Royal SHOCK: Queen ‘could have been knifed’ by intruder but ‘wasn’t worried about safety’ – Express

Royal SHOCK: Queen ‘could have been knifed’ by intruder but ‘wasn’t worried about safety’ – Express

Queen Elizabeth II
Mr Burrell said the Queen “wasn’t worried about her safety at all” when, in 1982, 33-year-old Michael Fagan, who was an unemployed painter suffering from severe depression after his wife left him, managed to get into the Palace. Mr Fagan managed to get into Buckingham Palace after he noticed an open window while walking around outside. Once inside the building, he began wandering the corridors and reached the Queen’s bedroom where she was sleeping. The Queen’s former footman and former butler to Princess Diana described the moment Her Majesty told him about her interaction with Mr Fagan.Mr Burrel told Channel 5’s Royal Scandals: “Her Majesty told me the story personally. I said, ‘well, that’s extraordinary’.“She was pursued, ‘he was gripping a broken ashtray and he was bleeding on my counterpane’.“All she was worried about was the bloodstain on her bedclothes. She wasn’t worried about her safety at all.“Anything could have happened to our monarch lying in her bed.“She could have been knifed. .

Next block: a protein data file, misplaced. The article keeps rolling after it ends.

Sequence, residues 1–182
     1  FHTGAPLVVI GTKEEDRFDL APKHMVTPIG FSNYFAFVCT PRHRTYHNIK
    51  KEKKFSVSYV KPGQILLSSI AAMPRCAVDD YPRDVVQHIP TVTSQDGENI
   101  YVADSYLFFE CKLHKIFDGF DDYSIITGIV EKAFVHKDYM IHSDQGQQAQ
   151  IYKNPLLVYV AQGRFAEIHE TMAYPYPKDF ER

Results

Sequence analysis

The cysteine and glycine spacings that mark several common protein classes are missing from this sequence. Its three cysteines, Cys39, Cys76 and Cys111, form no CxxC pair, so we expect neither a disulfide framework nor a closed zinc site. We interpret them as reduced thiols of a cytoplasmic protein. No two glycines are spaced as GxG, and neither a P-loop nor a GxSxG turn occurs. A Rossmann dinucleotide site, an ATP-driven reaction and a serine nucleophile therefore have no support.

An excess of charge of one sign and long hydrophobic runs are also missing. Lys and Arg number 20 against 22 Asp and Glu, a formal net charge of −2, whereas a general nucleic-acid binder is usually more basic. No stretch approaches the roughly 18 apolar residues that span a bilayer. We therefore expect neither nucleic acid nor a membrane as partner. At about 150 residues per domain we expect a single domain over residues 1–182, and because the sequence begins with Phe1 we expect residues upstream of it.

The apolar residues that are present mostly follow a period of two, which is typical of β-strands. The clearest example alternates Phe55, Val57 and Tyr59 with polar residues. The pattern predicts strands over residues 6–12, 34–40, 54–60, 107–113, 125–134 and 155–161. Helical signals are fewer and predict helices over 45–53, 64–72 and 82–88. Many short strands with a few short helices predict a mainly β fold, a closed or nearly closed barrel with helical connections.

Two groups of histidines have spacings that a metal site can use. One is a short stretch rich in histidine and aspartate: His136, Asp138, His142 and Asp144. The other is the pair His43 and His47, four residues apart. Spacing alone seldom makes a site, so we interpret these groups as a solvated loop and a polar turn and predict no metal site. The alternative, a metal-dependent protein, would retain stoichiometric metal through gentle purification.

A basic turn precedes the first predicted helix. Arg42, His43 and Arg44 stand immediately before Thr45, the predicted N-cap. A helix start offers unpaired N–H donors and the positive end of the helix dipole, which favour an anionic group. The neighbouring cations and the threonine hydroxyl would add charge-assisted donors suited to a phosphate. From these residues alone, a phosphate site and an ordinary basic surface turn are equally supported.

She could have been suffocated.“The scandal meant that royal security was doubled and Her Majesty could sleep safely in her bed.”Royal Commentator Claudia Joseph said the incident was a “huge scandal” and “horrifying” for the nation.As a result of the scandal, the then Home Secretary Willie Whitelaw offered his resignation to which the Queen refused.Mr Fagan was not charged over the incident but he was made to spend six months in a psychiatric hospital.All members of the Royal Family are believed to go through security training at some point to teach them how to handle any situation, including hostage or kidnap.Royal expert Omid Scobie said the training saved the Queen’s life when Mr Fagan broke into her bedroom.Mr Scobie explained: “In 1982, the Queen famously found an intruder in her bedroom at Buckingham Palace, and instead of panicking – because she’s obviously gone through this training before – she ended up having a ten-minute conversation with the man to keep the situation calm until he asked for a cigarette.”He added: “A footman had come to answer the call of service, and she was able to give the signal that she was in trouble, and that probably saved her life.”Every member ....

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